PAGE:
But again, I love my friends and wanted to help them pull off this effort successfully—to rebuild the dwindling congregation for the small-community betterment.church.jpg

After sitting with clenched teeth through eight months of services/sermons over what was being said and done at the pulpit and altar, I decided I couldn’t continue what felt to me to be a ridiculous charade and poorly disguised ego-trip for the preacher.

As Rumi said above, my piece of the mirror didn’t reflect what was being said and done there, so to me, it could never be MY truth. And I don’t feel bad about quitting the group endeavor or for leaving my friends there who are still a part of it.

What I would feel guilty about is if I hadn’t quit, because then I would be betraying my own self—my own spiritual connectedness that always feels pure and direct.

A week ago someone said something derogatory to me, and I let it go without responding or feeling ill will toward the person for saying it; and my best friend said to me that I was being a good ‘Christian’ about the situation.

rumi religion.jpgI had to bite my tongue to keep from saying back to her, No, ….that was being a good Muslim, or a good Jew, or a good Buddhist, or a good Jainist, or a good Taoist, or a good Hindi.

 

What I actually was demonstrating had nothing to do with any religion in particular, but with ALL in general: I was being a good PERSON!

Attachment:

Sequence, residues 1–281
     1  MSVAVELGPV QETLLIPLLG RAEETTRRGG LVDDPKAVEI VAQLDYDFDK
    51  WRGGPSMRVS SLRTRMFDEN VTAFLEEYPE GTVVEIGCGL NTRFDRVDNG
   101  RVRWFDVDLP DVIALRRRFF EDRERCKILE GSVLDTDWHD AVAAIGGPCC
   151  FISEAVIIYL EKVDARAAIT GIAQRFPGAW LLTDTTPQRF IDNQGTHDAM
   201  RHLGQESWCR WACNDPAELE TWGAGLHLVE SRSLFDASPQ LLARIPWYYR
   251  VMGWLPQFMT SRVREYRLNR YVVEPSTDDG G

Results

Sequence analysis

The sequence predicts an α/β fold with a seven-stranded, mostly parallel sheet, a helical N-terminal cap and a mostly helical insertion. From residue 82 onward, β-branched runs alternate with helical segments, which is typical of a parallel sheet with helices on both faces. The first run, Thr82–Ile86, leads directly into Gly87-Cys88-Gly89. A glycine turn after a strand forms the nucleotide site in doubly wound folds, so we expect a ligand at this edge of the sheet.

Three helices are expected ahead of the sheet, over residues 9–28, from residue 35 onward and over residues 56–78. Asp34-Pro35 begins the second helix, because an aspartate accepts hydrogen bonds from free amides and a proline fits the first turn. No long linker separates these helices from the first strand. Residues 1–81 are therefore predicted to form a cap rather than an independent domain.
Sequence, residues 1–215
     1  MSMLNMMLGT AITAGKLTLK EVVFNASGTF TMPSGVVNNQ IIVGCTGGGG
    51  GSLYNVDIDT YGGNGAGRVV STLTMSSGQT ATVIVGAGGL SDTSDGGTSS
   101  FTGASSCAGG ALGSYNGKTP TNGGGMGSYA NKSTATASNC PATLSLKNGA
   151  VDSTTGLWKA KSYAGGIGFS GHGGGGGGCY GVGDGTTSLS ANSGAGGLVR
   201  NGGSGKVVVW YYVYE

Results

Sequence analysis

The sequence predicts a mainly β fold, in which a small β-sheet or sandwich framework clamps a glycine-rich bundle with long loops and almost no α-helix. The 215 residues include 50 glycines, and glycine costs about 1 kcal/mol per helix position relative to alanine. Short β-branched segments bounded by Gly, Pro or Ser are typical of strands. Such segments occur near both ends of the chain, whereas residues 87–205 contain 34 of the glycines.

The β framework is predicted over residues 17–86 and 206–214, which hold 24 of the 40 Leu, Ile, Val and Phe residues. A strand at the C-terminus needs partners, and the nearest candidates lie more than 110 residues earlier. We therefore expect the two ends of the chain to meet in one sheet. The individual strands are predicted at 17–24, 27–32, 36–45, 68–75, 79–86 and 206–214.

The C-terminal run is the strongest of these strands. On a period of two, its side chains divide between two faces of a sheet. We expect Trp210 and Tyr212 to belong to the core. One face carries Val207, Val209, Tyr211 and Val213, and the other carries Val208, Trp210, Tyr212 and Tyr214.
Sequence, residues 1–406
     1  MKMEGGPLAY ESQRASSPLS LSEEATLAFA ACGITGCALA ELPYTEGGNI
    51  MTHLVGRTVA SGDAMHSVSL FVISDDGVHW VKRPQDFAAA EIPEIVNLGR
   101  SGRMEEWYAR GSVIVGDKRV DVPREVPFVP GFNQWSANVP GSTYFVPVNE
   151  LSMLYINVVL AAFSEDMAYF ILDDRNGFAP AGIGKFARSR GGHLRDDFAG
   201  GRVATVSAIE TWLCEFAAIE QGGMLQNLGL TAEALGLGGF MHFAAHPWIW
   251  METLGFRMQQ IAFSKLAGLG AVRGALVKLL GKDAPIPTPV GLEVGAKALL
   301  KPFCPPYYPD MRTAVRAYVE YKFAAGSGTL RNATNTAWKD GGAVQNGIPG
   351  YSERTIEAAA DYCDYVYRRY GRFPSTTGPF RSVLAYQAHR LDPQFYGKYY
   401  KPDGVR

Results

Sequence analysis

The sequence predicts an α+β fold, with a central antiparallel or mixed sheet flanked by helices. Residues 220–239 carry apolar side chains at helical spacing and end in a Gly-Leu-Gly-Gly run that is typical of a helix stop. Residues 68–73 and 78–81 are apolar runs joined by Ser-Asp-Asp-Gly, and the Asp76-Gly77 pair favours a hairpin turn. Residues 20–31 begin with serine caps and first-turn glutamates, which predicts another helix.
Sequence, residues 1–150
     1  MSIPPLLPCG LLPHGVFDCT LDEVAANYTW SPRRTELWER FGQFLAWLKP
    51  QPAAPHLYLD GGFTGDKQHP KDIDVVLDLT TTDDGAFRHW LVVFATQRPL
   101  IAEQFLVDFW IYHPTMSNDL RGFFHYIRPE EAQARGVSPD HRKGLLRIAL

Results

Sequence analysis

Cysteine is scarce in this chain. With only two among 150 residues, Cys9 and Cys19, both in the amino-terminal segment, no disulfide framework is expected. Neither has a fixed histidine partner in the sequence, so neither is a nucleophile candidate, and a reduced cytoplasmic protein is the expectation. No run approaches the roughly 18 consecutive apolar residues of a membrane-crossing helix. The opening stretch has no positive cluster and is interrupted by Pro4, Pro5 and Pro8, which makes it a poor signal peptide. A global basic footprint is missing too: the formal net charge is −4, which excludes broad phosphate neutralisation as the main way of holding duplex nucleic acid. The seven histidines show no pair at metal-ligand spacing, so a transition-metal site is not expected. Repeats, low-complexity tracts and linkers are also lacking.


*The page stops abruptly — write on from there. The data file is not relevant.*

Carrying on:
We throw these religious labels around far too easily to separate us from others—to make distinctions between US and THEM—and what THEY believe as opposed to what WE believe.

But the entire point of living this life is to recognize our similarities and our sameness, not accentuate our differences. character quote

So to me, if you want to build a better world and create more loving and peaceful environments for everyone, including yourselves, then be better people, not proselytizers of elite-ness and separation from those who don’t share the same piece of God’s TRUTH mirror that you have in your hand.

Let’s put all those mirror pieces back together and then look within the reconstructed TRUTH mirror because it is only God’s TRUTH when it is in Its wholeness.

gods truth

Vestigial Appendages

While reading a novel I ran across a humorous sentence—the main character was describing his boss’s mindset against treating others with basic human dignity.  “He viewed doing so as a vestigial appendage”—meaning it was similar to wisdom teeth and the appendix in human anatomy—an unnecessary present-day function and a left-over remnant from an vestigial.jpgancient time.

I chuckled at the reference, thinking it worthy enough of further consideration to have written it down on the napkin beside me. Those two words inspired memory flashes to my ninth grade Biology class—possibly a test question using that same mouthful, multi-syllabic, moniker for “the appendix” that I would eventually have removed forty years later.

In our current world, we deal with society’s vestigial respect dignityappendages all the time, but I wouldn’t call treating people with dignity and respect as one of them. Unfortunately in the last decade, our society has devolved into this particular mindset. We don’t respect others—we don’t respect differing opinions—and we don’t respect those who think differently than we do.

When a presidential candidate, and now The President of the United States, calls people that he wants to demean or diminish by childish, hurtful, disrespectful names, it lowers social mores in general to the level of street-slang and playground taunting.

Hearing a candidate for president doing so is disgusting, but hearing the chief representative of the American people doing it daily is appalling and unacceptable.